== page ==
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Written by: Kaylen Moodley | Candidate Attorney

In the Court’s first judgment of the year in the case of Brauns and Others v Wilkes N.O and Others, the Labour Appeal Court (LAC) of South Africa ruled on a case involving the dismissal of former employees from the South African Police Service (SAPS) on charges of dishonesty related to overtime claims. The appellants contested their dismissals, leading to a battle that sheds light on the legal principles surrounding employee confessions in the context of disciplinary matters.


Background of the Case

The first appellant, Quinton Brauns, served as a financial clerk within SAPS. Allegations arose that Brauns and two other appellants, his wife and sister-in-law, misrepresented their entitlement to overtime payments. The trio faced charges of fraud and conspiracy to defraud SAPS. Upon dismissal, they filed an unfair dismissal claim, which was rejected by the Safety and Security Sectoral Bargaining Council. Undeterred, the appellants sought recourse through a review application at the Labour Court, only to face further disappointment when the court dismissed their application. The case ultimately reached the Labour Appeal Court.


Key Facts and Findings

The appellants’ guilt was established through evidence showing unauthorized payments received for unworked overtime, made using other employees’ access credentials without their knowledge. Brauns confessed to the fraudulent conduct before a magistrate. This confession formed a pivotal aspect of the case and prompted the LAC to explore the legal intricacies of employee confessions in disciplinary proceedings.


Legal Principles on Employee Confessions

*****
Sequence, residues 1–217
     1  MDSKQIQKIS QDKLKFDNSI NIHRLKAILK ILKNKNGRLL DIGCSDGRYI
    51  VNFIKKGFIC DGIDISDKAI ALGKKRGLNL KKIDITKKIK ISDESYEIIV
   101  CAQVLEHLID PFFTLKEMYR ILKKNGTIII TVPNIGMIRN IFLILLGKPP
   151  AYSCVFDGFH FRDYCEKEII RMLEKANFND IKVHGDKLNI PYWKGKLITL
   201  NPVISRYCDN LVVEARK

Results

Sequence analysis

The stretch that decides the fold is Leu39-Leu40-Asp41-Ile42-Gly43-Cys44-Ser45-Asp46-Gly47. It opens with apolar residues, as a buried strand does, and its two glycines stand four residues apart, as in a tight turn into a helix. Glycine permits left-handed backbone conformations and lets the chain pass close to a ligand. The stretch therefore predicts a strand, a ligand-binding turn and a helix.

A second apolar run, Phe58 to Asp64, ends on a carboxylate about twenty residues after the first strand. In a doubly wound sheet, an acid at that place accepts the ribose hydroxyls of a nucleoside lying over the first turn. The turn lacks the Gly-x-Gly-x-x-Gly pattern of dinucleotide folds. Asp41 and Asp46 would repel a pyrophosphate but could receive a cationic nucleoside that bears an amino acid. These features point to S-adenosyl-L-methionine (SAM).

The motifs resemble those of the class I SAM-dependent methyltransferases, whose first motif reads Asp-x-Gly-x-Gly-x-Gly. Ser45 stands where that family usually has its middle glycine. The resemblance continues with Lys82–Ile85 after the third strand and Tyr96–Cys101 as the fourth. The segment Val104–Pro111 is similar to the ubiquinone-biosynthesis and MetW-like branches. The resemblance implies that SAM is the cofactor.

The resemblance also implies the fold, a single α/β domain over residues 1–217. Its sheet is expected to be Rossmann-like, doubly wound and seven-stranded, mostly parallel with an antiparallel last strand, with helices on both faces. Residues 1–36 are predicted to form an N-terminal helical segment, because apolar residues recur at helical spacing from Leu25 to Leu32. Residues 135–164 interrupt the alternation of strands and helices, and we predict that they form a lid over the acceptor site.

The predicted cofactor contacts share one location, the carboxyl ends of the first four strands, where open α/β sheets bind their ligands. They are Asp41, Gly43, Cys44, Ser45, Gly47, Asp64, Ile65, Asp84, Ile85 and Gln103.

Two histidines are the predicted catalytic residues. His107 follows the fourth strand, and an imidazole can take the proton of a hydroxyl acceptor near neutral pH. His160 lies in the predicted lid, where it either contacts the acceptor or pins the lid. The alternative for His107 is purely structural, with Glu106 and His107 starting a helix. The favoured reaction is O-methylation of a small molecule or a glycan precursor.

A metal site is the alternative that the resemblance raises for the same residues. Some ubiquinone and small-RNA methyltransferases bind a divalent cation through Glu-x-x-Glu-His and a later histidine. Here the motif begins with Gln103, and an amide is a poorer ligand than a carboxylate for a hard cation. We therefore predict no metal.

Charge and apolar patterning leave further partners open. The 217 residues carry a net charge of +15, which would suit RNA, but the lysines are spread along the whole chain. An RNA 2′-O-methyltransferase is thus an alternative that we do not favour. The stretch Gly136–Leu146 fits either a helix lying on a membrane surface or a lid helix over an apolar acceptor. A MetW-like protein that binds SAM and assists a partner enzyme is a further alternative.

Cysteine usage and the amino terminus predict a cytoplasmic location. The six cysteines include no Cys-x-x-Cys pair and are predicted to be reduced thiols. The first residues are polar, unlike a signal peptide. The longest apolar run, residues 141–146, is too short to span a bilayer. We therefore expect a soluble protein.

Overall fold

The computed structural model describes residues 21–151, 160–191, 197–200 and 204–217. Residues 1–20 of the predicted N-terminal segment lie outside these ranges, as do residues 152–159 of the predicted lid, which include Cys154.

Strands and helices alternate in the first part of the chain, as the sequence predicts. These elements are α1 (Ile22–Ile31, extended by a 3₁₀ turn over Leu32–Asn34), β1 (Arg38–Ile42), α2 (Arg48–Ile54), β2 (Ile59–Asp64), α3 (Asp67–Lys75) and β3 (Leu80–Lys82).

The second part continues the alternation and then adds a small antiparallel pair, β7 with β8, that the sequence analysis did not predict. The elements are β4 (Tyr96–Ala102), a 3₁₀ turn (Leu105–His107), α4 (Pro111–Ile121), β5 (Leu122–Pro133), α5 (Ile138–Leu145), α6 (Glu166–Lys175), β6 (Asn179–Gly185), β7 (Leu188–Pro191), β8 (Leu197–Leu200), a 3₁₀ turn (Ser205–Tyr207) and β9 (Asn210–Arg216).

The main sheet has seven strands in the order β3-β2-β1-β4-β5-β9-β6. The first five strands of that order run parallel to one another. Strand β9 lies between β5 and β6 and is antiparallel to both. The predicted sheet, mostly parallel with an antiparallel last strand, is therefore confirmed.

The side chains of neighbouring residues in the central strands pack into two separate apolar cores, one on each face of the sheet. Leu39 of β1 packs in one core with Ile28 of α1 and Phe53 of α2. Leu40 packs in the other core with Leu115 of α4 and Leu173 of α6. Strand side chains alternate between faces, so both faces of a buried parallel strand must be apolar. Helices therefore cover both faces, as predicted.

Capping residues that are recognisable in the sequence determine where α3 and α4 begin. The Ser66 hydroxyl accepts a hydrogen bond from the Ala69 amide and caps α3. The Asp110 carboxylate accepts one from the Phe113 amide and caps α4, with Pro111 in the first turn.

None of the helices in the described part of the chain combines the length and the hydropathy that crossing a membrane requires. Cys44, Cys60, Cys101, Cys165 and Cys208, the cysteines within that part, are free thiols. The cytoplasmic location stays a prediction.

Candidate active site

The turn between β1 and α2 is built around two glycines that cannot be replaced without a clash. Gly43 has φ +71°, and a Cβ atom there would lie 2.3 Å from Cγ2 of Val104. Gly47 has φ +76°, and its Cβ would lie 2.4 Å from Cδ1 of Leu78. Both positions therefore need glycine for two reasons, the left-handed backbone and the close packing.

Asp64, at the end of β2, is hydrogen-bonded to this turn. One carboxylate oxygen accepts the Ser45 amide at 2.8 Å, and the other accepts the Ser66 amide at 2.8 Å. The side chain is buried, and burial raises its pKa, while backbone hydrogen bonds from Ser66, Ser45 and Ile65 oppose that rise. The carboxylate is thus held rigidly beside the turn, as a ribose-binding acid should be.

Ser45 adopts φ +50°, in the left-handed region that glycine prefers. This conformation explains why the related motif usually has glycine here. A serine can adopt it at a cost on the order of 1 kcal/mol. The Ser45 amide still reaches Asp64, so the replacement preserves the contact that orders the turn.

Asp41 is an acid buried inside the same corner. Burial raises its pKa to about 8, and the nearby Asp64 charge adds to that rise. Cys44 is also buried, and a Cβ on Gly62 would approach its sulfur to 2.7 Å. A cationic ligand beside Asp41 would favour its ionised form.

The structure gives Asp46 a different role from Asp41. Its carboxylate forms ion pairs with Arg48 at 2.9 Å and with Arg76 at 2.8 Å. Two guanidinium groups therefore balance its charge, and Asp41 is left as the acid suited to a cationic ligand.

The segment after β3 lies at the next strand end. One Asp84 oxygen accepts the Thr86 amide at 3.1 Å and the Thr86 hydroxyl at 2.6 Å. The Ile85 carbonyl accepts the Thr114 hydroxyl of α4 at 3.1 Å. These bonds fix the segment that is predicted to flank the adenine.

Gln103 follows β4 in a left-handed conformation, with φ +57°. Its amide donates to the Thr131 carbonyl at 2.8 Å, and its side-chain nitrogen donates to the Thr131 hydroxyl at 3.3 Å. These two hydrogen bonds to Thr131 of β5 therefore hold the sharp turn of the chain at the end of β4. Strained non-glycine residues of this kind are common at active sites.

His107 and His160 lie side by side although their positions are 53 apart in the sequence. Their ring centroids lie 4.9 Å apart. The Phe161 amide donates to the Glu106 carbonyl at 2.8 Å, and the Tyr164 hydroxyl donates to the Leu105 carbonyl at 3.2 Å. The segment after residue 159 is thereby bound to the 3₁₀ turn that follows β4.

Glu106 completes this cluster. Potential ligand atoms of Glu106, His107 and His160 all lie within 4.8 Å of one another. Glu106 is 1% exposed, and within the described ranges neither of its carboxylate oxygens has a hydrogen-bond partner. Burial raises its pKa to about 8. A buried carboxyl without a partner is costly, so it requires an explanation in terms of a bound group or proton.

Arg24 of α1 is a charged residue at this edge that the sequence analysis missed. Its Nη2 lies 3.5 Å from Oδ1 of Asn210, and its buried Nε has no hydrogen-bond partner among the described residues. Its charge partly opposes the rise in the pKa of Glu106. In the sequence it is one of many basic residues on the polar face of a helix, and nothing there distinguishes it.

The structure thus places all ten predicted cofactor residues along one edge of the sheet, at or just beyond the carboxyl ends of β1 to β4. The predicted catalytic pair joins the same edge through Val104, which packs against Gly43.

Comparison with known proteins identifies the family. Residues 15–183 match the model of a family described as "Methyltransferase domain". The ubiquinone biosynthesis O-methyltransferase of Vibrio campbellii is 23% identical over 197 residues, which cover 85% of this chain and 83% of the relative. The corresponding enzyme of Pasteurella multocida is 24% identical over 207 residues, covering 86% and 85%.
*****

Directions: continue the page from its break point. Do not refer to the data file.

The LAC highlighted several essential legal principles related to employee confessions in the context of disciplinary matters:

  1. General requirements for a valid confession:
  • A valid confession must be freely and voluntarily made without undue influence, coercion, or intimidation.
  • The confession must be clear, unambiguous, and the employee should understand its consequences.


  1. Invalidity Due to Fear of Criminal Prosecution:
  • Whether a confession is rendered invalid due to fear of criminal prosecution depends on the circumstances of each case.
  • A confession may be considered involuntary or influenced by a promise or threat, rendering it inadmissible or unreliable.


  1. Information Before Confessing:
  • An employee is not entitled to information about disciplinary charges before confessing.
  • A confession generally forms part of the investigation, and charges may be based on evidence, including the confession.


Conclusion and Key points

While a valid confession can be considered by an employer in disciplinary proceedings, it alone cannot justify an employee’s dismissal. The case emphasized that employers must follow a fair procedure and demonstrate that dismissal is an appropriate sanction. In this specific case, Brauns’ confession was deemed valid as it was made willingly and corroborated, leading to the affirmation of the dismissals.

Employers should be cautious in relying solely on confessions and ensure that fair procedures are followed, considering additional evidence. This case serves as a reminder that while confessions can be powerful evidence, they are not a shortcut to a fair and just disciplinary process.


Photo by Igor Omilaev on Unsplash